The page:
Shares of Barracuda Networks Inc. (NYSE:CUDA) rose 18.6% in November, according to data from S&P Global Market Intelligence, after the cloud security and data protection solutions specialist agreed to be acquired.
After largely trading flat for most of last month, just over a week ago Barracuda Networks announced it had entered an agreement to be acquired by private equity investment firm Thoma Bravo for $27.55 per share. That price propelled the stock to above its 52-week high, and represented a 22.5% premium to its 10-day average closing price at the time.
Barracuda Networks' board unanimously approved the all-cash deal, voicing its belief that "the transaction maximizes shareholders value." In addition, Barracuda Networks CEO BJ Jenkins noted that going private with the resources and partnership of Thoma Bravo -- which is known for investing in fast-growing security businesses -- the company should be able to accelerate its growth.
As I pointed out shortly after the initial announcement, some investors might be upset by the fact that it arrived before the stock had fully recovered from a big post-earnings drop in October. In the days following the announcement, several law firms have already stepped out to launch investigations into whether Barracuda Networks' board fulfilled its duty to shareholders, particularly as it relates to whether the agreed acquisition price was too low.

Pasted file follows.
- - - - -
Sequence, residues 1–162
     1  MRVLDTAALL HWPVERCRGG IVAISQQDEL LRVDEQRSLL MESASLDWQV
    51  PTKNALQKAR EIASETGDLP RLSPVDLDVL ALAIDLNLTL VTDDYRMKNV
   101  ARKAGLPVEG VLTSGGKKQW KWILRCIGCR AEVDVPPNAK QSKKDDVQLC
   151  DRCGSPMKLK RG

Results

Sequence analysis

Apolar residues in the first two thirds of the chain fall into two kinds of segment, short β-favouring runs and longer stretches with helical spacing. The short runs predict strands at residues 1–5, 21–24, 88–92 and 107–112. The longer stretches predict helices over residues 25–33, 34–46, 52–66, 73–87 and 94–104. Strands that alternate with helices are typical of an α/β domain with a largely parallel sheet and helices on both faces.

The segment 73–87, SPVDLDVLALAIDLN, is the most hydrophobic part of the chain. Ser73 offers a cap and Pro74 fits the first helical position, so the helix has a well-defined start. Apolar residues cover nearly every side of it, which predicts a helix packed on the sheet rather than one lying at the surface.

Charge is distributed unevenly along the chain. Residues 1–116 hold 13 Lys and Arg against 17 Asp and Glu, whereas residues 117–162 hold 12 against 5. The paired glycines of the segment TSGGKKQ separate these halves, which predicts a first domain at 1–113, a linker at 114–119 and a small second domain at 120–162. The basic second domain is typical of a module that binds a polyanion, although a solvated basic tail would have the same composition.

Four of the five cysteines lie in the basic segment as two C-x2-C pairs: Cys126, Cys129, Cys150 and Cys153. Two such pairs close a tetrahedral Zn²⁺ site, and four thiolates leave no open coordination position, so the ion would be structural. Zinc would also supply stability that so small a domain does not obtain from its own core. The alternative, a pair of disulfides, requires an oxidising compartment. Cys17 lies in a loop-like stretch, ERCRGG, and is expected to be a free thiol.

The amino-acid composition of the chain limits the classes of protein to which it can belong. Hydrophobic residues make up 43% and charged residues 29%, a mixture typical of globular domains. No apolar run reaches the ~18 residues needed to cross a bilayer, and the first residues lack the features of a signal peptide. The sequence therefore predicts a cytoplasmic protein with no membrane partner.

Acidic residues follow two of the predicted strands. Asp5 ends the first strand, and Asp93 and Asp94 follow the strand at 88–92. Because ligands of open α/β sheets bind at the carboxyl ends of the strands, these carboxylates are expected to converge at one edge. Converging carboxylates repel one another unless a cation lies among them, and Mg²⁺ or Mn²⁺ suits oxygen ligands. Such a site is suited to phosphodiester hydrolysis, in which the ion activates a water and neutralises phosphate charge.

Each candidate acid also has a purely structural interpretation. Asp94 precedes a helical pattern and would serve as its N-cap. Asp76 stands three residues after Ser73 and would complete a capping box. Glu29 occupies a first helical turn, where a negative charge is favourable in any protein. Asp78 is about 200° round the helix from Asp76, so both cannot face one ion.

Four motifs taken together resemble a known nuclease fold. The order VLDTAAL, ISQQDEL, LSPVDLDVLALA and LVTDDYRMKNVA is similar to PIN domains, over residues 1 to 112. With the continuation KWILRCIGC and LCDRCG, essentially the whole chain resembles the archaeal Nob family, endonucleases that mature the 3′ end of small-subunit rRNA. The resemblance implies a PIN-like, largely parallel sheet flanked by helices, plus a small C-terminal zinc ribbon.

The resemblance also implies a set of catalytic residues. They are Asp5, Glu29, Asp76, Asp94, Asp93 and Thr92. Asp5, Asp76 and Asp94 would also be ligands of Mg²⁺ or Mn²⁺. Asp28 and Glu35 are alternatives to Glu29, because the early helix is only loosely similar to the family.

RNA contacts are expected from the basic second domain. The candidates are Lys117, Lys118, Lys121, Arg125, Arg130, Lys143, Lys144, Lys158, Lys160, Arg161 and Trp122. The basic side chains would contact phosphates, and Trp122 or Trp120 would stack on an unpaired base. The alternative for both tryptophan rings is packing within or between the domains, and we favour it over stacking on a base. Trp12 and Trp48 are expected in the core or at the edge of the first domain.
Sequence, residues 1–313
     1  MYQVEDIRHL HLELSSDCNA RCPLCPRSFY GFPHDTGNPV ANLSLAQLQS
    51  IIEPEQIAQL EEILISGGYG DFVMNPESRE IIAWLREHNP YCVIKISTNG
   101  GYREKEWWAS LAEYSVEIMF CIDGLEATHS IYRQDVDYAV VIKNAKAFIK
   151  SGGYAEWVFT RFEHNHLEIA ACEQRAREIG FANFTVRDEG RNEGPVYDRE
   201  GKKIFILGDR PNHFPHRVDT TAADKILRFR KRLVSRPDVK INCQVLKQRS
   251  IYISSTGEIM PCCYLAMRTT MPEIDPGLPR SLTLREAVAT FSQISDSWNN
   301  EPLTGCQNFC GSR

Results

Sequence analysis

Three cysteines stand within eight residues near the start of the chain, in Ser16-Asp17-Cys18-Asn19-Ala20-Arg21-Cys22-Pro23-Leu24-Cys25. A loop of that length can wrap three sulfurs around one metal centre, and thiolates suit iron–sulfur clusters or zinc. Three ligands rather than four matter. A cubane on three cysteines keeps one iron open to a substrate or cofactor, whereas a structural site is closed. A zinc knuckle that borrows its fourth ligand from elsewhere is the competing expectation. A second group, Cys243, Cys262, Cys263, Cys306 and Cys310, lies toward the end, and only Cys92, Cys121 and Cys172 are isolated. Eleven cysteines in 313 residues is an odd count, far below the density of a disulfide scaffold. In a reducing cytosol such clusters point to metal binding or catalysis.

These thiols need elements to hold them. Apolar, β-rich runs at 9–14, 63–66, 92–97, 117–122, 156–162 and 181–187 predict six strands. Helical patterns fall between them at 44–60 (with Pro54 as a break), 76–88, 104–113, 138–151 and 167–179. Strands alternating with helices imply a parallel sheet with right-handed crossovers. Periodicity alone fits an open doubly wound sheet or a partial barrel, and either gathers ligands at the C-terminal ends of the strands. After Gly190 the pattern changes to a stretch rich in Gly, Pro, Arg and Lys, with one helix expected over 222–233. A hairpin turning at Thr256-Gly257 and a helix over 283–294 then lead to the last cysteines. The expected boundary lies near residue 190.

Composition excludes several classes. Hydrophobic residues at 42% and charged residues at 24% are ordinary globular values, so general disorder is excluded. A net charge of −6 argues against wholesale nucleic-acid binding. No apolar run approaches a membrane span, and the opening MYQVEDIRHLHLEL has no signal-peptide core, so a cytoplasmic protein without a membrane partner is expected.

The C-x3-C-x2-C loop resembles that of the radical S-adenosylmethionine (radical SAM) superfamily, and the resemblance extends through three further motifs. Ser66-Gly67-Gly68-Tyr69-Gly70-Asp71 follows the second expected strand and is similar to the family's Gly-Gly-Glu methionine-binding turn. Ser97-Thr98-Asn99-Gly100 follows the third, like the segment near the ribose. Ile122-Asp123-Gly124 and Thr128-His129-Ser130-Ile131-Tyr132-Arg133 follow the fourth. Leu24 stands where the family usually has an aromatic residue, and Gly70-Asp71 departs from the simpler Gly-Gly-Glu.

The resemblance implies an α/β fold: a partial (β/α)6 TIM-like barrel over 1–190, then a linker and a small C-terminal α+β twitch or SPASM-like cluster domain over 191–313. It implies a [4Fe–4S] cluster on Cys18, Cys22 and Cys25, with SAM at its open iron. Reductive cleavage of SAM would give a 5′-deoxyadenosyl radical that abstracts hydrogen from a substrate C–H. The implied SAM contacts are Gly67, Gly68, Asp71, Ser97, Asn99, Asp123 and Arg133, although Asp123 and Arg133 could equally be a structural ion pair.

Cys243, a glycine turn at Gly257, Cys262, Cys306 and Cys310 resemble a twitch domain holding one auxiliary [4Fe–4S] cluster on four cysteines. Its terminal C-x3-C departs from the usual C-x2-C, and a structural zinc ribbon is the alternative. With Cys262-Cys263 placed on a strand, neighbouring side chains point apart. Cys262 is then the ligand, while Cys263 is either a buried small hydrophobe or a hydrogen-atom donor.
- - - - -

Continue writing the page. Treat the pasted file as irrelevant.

Of course, such investigations are common in these kinds of scenarios, so there's no guarantee that Barracuda Networks investors will ultimately receive a better price for their shares. As it stands, the company continues to expect the transaction to close before the end of February 2018, pending shareholder and regulatory approval.